What to Know Before Betsy DeVos Faces a Vote

January 23, 2017

By Carrie Warick, Director of Policy and Advocacy

If my social media feeds are any indication, the sound bites from last week's hearing to consider the nomination of Betsy DeVos for education secretary have well made their rounds at this point. Touches on higher education were minimal, and confusion over IDEA (the Individuals with Disabilities Education Act), debates about public school funding, and a mention of “potential” grizzly bears dominated the coverage. As the Senate Health, Education, Labor and Pensions committee prepares for a postponed vote on DeVos’ nomination next Tuesday, Jan. 31, let’s review her exchanges with senators and what we know about the new Donald Trump administration and higher education.

In her opening remarks, DeVos said that “high school graduates are having increasing difficulty accessing affordable higher education.” Citing rising debt burden, she said we should “embrace new pathways of learning,” and that “the old an expensive brick-mortar-and-ivy model is not the only one that will lead to a prosperous future.” She concluded by stating that students should be able to make informed decisions about their future, and she and President Trump agree that “we need to support all post-secondary avenues, including trade and vocational schools, and community colleges.”

Even after three-plus hours of questioning, the best information we have about DeVos’ possible focus in higher education is from that opening statement. Marking a high note for NCAN policy priorities, she did commit to Sen. Johnny Isakson (R-GA) that she would help simplify the FAFSA, but did not give details on how. Isakson asked her about reducing the burden on families from the FAFSA, and DeVos responded that, “I don't think we should make it any more difficult than absolutely necessary for students to be able to further their education." (Watch the full exchange at the 1:36:20 mark.)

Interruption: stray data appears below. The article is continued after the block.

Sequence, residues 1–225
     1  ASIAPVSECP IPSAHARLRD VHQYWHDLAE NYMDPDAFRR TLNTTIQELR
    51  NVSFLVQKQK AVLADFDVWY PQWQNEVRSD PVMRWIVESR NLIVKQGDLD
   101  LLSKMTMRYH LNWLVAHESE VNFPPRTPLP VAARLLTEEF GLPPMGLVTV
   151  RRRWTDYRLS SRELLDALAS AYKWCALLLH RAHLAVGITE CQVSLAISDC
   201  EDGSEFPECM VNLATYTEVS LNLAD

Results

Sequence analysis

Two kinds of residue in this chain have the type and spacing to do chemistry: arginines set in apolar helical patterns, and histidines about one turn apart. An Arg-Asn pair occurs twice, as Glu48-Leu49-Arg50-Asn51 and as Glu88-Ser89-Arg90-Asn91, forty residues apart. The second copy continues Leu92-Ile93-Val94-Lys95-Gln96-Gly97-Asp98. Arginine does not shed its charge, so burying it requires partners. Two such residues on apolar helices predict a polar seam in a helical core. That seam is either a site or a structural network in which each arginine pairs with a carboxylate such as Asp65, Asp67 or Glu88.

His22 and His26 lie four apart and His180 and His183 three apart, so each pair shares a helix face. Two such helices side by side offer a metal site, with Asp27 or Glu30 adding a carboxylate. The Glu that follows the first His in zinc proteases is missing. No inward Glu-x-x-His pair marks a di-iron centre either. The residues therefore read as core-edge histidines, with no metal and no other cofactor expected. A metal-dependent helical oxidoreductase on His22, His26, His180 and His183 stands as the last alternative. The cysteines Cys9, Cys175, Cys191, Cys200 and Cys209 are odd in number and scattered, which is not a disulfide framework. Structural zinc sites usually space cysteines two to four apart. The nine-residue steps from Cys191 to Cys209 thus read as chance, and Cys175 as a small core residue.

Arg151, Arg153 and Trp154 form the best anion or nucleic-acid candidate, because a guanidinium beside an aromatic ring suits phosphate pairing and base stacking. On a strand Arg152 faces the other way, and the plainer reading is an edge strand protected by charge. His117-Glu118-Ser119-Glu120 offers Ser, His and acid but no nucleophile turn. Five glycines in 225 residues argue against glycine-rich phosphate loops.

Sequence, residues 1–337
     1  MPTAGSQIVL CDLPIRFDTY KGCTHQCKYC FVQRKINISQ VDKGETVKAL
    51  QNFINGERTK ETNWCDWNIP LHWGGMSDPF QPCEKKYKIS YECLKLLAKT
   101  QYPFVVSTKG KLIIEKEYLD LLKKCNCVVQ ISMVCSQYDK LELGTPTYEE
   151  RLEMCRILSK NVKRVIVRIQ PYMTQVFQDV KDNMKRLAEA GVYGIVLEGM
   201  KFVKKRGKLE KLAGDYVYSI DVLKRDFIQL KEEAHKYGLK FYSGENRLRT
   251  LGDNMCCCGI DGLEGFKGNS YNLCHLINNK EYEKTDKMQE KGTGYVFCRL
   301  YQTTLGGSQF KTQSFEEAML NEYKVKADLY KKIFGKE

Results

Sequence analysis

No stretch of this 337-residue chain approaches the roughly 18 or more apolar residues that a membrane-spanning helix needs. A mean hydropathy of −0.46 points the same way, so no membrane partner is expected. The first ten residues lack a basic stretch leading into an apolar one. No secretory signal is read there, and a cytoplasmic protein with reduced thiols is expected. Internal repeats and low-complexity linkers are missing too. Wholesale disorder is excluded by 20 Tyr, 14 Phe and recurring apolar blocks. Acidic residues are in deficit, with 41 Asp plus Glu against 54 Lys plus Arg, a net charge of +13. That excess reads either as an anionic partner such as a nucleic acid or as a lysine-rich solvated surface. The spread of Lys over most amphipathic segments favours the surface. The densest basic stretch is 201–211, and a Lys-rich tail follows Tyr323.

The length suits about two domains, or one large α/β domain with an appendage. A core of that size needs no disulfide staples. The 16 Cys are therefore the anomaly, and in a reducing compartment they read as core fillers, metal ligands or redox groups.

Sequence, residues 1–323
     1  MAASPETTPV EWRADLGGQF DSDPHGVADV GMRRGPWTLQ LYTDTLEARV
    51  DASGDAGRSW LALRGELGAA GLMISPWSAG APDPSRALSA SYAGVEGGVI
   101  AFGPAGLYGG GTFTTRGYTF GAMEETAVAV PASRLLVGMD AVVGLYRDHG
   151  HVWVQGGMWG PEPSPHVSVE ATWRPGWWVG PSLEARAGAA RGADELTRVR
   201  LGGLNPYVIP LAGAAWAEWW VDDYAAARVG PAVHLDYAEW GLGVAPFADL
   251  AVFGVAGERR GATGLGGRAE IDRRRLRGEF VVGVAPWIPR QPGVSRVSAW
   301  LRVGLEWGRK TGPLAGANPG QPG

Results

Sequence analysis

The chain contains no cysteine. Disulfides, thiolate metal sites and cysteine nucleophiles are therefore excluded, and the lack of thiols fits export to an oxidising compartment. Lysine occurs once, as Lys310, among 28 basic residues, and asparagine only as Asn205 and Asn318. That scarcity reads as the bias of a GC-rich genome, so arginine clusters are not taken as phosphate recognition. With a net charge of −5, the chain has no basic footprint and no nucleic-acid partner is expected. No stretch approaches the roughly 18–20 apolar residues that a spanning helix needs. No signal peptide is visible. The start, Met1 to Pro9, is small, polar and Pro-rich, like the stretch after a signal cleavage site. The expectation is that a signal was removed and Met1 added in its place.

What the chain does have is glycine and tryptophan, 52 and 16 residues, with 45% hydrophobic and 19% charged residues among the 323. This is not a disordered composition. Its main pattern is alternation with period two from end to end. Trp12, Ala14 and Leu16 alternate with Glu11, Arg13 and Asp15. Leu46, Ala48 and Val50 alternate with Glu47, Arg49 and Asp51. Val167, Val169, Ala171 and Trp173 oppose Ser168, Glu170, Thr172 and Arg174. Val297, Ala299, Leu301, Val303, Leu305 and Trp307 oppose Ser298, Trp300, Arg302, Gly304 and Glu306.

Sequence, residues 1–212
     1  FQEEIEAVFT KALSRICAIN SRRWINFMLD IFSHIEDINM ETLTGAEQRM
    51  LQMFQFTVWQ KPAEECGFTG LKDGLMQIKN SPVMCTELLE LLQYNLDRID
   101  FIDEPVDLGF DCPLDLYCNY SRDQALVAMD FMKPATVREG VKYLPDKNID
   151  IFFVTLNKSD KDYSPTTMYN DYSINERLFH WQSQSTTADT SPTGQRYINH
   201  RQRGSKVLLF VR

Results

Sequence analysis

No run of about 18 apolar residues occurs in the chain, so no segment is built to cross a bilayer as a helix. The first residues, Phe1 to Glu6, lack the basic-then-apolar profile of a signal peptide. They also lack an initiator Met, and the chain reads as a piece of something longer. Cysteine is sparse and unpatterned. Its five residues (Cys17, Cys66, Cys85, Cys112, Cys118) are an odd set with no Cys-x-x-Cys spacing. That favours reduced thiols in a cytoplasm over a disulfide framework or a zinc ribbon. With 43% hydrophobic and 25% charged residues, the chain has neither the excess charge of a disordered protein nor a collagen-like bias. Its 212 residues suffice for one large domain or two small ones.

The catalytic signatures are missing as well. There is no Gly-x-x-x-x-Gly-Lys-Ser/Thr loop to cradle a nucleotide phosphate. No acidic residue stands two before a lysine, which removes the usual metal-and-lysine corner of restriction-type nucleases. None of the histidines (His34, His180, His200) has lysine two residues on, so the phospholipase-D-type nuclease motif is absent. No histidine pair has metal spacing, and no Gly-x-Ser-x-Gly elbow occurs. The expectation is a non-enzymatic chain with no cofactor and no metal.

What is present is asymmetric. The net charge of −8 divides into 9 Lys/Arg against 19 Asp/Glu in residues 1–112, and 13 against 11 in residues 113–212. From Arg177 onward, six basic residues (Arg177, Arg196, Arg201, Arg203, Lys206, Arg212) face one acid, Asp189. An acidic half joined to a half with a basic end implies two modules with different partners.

Otherwise, it seems that her higher education focus will be on promoting trade schools and community colleges. As NCAN expands our work connecting college and career success, we will watch this focus closely to ensure that students have an actual choice among pathways, as well as the information to know which pathways will lead them to success in their desired field. A key aspect to making sure students have access to high-quality career training programs is the strengthened gainful employment rule from the Obama administration. DeVos said she would review and be very vigilant in protecting against waste, fraud and abuse, but declined to say how she would do it, not committing to a new approach or to enforcing the current rule. 

In other higher education-related questions, Sen. Elizabeth Warren (D-MA) asked a series of questions designed to highlight DeVos’ lack of experience with federal financial aid, student loans, or managing large financial programs. When Warren asked DeVos if she or her children ever received a Pell Grant, it was the only substantive mention of the cornerstone financial aid program during the entire hearing. Sens. Patty Murray (D-WA) and Bob Casey (D-PA) asked if DeVos would roll back guidance to colleges regarding campus sexual assault, and she said she would review it. Sen. Orrin Hatch (R-UT) questioned DeVos about whether information on debt and repayment rates is helpful to students. Several times throughout the hearing, DeVos said she supported information on schools (K-12 or higher ed) and empowering students or parents with choice. However, she did not outline what the information should be, or how it would be maintained or managed. 

DeVos’ refrain throughout the hearing was that she looked forward to working with the questioning Senator on a given issue or that she would review what the current policy is before making a decision. With the exception of focus on K-12 school choice, she did not offer specifics in many other areas. 

NCAN will continue our practice of reaching out to Education Department officials on areas where we agree, and voicing our concern when policies will not best serve our students. Your voice from the field is more important than ever to sharing the impact of new or changing laws and policies. Stay tuned to Success Digest each Tuesday for crucial updates. Members wishing to have more engagement with the policy process can join the Rapid Response Policy Team to provide feedback on hot topic issues by emailing me.

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